Coucher de Soleil, Fécamp, 1892-1893

by Eugène Boudin

Depicting the port of Fécamp, in Seine-Maritime in Upper Normandy, the present work is a stunning and graceful testament to Boudin’s favourite subject and to his mature style. Following the Franco-Prussian war of 1870, there was a struggle to understand and define the new national identity within France, and this struggle very much informed Boudin’s artistic pursuits.

DIMENSIONS: (unframed) 44.5 x 63.5 cm/ 17.5 x 25.0 ins
SIGNATURE: Signed ‘E. Boudin’ (lower left)
MEDIUM: Oil on canvas

Catalogue No: 6096 Categories: , Tags: , , , ,

Boudin’s sun-drenched brushwork was praised by his peers for its ability to capture the ever-changing skies of northern maritime France. He received effusive accolades from his peers, most notably Corot who famously hailed him the “King of the Sky” and Courbet who was moved to declare: “My God, you are a seraph, Boudin! You are the only one of us who really knows the sky” (quoted in Ruth J. Benjamin, Eugène Boudin, New York, 1937, p. 46). These skies inspired a new generation of painters, chief amongst them Claude Monet, to whom Boudin became a close friend and mentor. After observing Boudin paint for the first time, Monet declared: “Suddenly it was as if a veil had been torn from my eyes. I understood what painting could be. Boudin’s absorption in his work, and his independence, were enough to decide the entire future and development of my painting” (quoted in Peter C. Sutton, Boudin: Impressionist Marine Paintings (exhibition catalogue), Peabody Museum of Salem, Massachusetts, 1991, p. 54).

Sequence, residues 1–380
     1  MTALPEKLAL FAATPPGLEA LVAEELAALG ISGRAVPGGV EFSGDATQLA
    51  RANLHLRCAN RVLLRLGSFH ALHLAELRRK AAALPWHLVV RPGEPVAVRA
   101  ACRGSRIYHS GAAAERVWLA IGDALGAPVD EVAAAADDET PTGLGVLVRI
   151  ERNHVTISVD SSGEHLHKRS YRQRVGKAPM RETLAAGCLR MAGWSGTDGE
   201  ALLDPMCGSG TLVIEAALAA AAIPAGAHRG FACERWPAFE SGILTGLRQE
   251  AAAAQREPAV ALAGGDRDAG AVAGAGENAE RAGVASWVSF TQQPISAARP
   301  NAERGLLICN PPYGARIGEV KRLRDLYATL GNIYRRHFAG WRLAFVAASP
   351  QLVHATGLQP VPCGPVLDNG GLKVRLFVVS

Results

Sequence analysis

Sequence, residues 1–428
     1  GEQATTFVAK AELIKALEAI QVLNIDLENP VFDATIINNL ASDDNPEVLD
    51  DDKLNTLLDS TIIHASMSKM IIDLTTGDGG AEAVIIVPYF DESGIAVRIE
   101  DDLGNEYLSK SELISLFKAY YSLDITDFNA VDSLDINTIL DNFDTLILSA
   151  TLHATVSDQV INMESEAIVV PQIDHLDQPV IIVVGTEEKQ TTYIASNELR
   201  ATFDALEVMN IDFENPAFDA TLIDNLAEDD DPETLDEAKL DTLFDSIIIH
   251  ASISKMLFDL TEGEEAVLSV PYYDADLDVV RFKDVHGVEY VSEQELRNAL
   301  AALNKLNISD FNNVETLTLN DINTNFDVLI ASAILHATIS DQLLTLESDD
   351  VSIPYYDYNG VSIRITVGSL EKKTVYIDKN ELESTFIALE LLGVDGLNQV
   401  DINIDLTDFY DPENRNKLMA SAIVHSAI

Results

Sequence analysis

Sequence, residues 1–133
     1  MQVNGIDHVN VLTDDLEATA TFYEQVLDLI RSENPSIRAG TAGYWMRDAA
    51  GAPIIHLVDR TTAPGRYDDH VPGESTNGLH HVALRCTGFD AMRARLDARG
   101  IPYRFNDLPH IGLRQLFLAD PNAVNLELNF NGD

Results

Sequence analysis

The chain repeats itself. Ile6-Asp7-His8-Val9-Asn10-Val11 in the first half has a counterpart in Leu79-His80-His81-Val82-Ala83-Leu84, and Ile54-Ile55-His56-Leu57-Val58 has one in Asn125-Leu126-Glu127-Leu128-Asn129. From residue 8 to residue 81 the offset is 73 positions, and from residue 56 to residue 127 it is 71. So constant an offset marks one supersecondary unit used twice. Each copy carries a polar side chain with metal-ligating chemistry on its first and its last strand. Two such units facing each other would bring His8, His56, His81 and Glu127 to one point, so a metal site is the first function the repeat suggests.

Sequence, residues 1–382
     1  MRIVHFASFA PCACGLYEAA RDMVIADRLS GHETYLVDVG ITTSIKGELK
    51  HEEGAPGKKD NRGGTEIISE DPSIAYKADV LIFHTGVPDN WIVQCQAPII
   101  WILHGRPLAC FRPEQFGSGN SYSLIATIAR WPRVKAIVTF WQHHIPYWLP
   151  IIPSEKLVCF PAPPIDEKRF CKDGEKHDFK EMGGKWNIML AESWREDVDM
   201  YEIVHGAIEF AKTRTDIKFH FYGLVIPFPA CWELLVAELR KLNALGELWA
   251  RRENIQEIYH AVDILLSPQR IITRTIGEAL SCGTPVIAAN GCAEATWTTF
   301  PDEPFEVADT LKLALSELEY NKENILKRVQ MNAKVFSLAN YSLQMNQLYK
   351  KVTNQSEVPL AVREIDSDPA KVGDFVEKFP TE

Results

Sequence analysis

(with) Arthur Tooth & Sons;

Private collection, United Kingdom

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Eugène Boudin was a French painter best known for his sensitive and lively depictions of beach scenes and windswept harbours. He is considered one of the earliest plein-air painters, as he completed his canvases entirely in situ rather than from studies back in the studio.

 

Born at Honfleur, on the French coast, and son of a ship’s captain, Boudin never knew a life without the sea. The centre of his earl life was Le Havre, where he opened a framing shop. The shop was visited by local painters including Jean-Francois Millet, who encouraged Boudin to learn to paint himself. Boudin visited Paris and studied at the Louvre. In this way he established contact with painters of the Barbizon school – primarily Jean-Baptists Camille Corot. In about 1856, Boudin met Claude Monet and introduced him to outdoor painting, which was hugely influential to Monet. The two continued to work together into the late 1860s.

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Robert Schmit, Eugène Boudin 1824-1898, vol. III, Paris, 1973, no 2999.

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